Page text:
Clean eating means avoiding processed foods and paying close attention to where your food comes from. It encourages eating lots of fruits and vegetables with supplemental proteins and carbohydrates. If you want to “eat clean” you should try to only eat foods that are in their original, unaltered state. Since clean eating isn’t really a diet and more of a lifestyle, there’s no one set way to do it. There are, however, some easy traps to fall into that you can easily avoid.
- Taking Guesses the more you know about your food, the better. Sometimes packaged food at the grocery store isn’t always what it seems. Knowing exactly where your food came from, how it was prepared, and what exactly is in it, helps you make healthier choices and stick to the clean eating philosophy. Don’t buy anything pre-packaged. If you’re buying meat, get it from a local butcher you trust. Ask questions, and don’t buy anything you’re uncertain of.
- Assuming Too Much at Farmer’s Markets Produce at farmer’s markets isn’t always grown locally. Sometimes sellers look to take advantage of people willing to pay more for locally grown, organic fruits and vegetables, and they bring in produce that has been shipped from far away. In some cases, they’re even grown on commercial farms where pesticides are used. If you shop at a local farmer’s market, get to know the sellers and learn where they grow their produce. Find sellers you trust and stick with them.
- Overeating Part of a clean eating lifestyle involves eating five or six small meals throughout the day, including breakfast. Because you’ll be eating many meals each day, it’s important not to overdo it. Eating portions that would be appropriate if you were only eating three meals each day would make you exceed your caloric requirement and gain weight. Figure out how much you should be eating each day total based on your age, gender, size, and weight, and plan your meals to meet that amount.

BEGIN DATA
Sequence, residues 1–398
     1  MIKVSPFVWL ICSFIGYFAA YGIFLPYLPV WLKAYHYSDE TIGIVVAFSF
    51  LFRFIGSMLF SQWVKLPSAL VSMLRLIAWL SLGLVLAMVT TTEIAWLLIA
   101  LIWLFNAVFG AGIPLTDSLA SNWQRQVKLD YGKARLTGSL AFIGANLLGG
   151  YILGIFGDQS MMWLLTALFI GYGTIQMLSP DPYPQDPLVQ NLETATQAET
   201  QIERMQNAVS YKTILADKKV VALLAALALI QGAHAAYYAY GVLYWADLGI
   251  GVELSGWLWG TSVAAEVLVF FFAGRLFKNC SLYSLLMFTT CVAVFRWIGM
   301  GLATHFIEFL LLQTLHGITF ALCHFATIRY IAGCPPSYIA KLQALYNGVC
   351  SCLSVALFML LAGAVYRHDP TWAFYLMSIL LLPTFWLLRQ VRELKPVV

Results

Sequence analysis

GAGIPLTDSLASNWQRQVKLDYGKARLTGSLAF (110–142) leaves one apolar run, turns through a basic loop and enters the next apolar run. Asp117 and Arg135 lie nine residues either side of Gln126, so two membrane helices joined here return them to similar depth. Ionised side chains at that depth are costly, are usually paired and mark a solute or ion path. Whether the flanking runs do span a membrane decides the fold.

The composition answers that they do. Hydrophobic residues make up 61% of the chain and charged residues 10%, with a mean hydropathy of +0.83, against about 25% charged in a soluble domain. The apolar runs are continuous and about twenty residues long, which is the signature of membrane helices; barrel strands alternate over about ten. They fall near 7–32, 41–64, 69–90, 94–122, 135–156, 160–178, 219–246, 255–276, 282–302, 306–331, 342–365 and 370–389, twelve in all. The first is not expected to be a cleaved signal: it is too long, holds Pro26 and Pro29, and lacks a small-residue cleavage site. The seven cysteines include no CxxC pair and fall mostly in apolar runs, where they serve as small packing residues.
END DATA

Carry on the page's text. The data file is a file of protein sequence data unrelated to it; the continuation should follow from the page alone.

- Not Drinking Enough Water Staying hydrated is vital to your health, and should be a part of your conscious dietary decision-making. Drink two to three liters of water a day, depending on your size and level of activity. Drinking more water can also help you lose weight. If you have dry mouth, dark urine or even if you just feel thirsty, you may be dehydrated. A good rule is to always carry a water bottle with you so you’re never stuck without something to drink.
- Eliminating Important Nutrients many diets that fall under the umbrella of clean eating, such as the paleo diet, encourage you to give up entire food groups. If you pursue a diet that ignores groups of foods, know what nutrients you’ll be missing, and find ways to make up for them in your diet. For example, people who choose a vegan diet are often lacking in vitamin B12, which is important for red blood cell formation and neurological function. To remedy the deficiency, many vegans take a B12 supplement, or add other sources of B12, like bran cereal or tofu, into their diet. As with any diet, clean eating requires you to understand what your body needs and to make sure it’s getting it. A clean eating lifestyle has many health benefits as long as your dietary choices are conscious and well informed.